L.A. Times: Time to end the war against saturated fat?
An October 22, 2013 article in the Los Angeles Times by Melissa Healy was titled Time to end the war against saturated fat? and includes this quotation "Forget the statins and bring back the bacon (or at least the full-fat yogurt)."
This article quoted an article in the "Observations" section of the British Medical Journal entitled Saturated fat is not the major issue written by Aseem Malhotra who states "It is time to bust the myth of the role of saturated fat in heart disease." Here is my response:
Curing Heart Disease
I am responding to your October 2013 article in the British Medical Journal as quoted in an October 22, 2013 article in the Los Angeles Times.
Your assertion that statins have not eliminated heart disease is firmly supported by solid research including this study: http://archinte.jamanetwork.com/article.aspx?articleid=416105
It is not surprising that statins don’t extend life given that they reduce our liver’s own production of cholesterol, while doing nothing about dietary cholesterol in the bloodstream.
However, your opinion on the effects of dietary components on heart disease suggests that you might not be aware of some of the research trials that have halted heart disease in nearly all patients through a diet low in saturated fat. Here is a link to one of the best studies by Caldwell Esselstyn. http://www.heartattackproof.com/study01_background.htm
I understand that a lot of the scientific data on the effects of diet on heart disease can be confusing. One of the primary factors causing confusion is that there is a massive misunderstanding about the appropriate levels of fat in our diet. Many studies have been performed with a so-called “low-fat” diet, where the definition of low-fat ranges from 30% of calories to 39%. These are the levels that most westerners eat, so it is not surprising that these diets do not result in less disease because they are not in fact low-fat diets.
When patients switch to a whole-food plant-based diet with nearly no saturated fats and the other fats consumed being about 10% of calories, heart disease isn’t just reduced, it goes away. This is why certain groups of people such as rural Chinese and people who live in the highlands of Papua New Guinea have essentially no heart disease. It is because they naturally eat a whole-food plant-based diet. And westerners who switch to this diet get the same results.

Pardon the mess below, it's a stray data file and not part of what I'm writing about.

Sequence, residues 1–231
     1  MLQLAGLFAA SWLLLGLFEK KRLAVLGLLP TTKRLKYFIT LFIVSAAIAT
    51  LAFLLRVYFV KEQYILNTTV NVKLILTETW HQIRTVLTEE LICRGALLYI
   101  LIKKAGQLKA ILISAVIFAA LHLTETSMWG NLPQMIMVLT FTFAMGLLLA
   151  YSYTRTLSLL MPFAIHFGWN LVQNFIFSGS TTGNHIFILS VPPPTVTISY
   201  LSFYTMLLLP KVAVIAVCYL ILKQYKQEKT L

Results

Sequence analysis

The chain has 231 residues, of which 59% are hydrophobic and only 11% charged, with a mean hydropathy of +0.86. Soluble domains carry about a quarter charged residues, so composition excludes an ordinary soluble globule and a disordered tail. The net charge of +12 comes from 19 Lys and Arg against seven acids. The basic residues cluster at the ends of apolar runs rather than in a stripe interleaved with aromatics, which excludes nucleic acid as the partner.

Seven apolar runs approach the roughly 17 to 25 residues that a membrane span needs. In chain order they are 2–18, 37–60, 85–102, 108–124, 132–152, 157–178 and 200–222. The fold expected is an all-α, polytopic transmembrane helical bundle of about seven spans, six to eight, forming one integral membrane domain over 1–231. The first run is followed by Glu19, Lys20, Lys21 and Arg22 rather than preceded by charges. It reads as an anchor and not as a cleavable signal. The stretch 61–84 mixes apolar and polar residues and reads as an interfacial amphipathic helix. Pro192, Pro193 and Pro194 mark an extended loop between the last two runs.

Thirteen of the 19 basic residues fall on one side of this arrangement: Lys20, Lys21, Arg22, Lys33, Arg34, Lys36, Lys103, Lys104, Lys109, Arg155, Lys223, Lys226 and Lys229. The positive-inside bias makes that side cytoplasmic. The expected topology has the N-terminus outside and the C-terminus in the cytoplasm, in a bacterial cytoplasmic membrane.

If you know of a study that has a similarly spectacular elimination of heart disease through a diet that contains a significant amount of saturated fat, please send me a reference as I’d like to know about it.
If you don’t know of such a study, I would politely recommend that you do not share your opinions that saturated fat is not harmful. Your “Observations” article in the BMJ was picked up by the LA Times and from there spread to many other places on the Internet with their quote “Forget the statins and bring back the bacon (or at least the full-fat yogurt)”. http://www.latimes.com/science/sciencenow/la-sci-saturated-fat-20131022,0,2193813.story#axzz2iVqDuTTZ
I suffered unexpected cardiac arrest four years ago at age 52. Since my recovery I have been studying intently the cause and prevention of heart disease and have found nothing even remotely as effective as a low-fat plant-based diet. I formed a non-profit organization and devote a lot of time and energy sharing with people the best scientific information about the relationship between nutrition and health. Sadly, your article has just added to the confusion and made my goal of saving lives harder.
You are right of course about the abundance of empty simple carbs (i.e. sugars) as being problematic. However the harm from sugars does not negate the harm done by saturated fats. And the two together, saturated fats plus sugars, along with animal proteins are the perfect storm for heart disease.
Please let me know how I can best help you and your medical colleagues learn about the latest and best nutrition science studies and sort them from the confusing, erroneous, and irrelevant published material. If you have the time and willingness to sort out the wheat from the chaff, I think you will shortly come to the same conclusion as has a growing number of medical professionals as to the power of a plant-based diet to eliminate not only heart disease, but to minimize stroke, diabetes, cancer, and about 30 other diseases. You might start by looking at some of the publications reviewed on my web site. If you would like me to send them to you at no charge, please let me know which items you would like and to what address I should send them.
To your long life and health,
John Tanner, Ph.D.
CEO, Tanner Research, Inc.
Director, NuSci, The Nutrition Science Foundation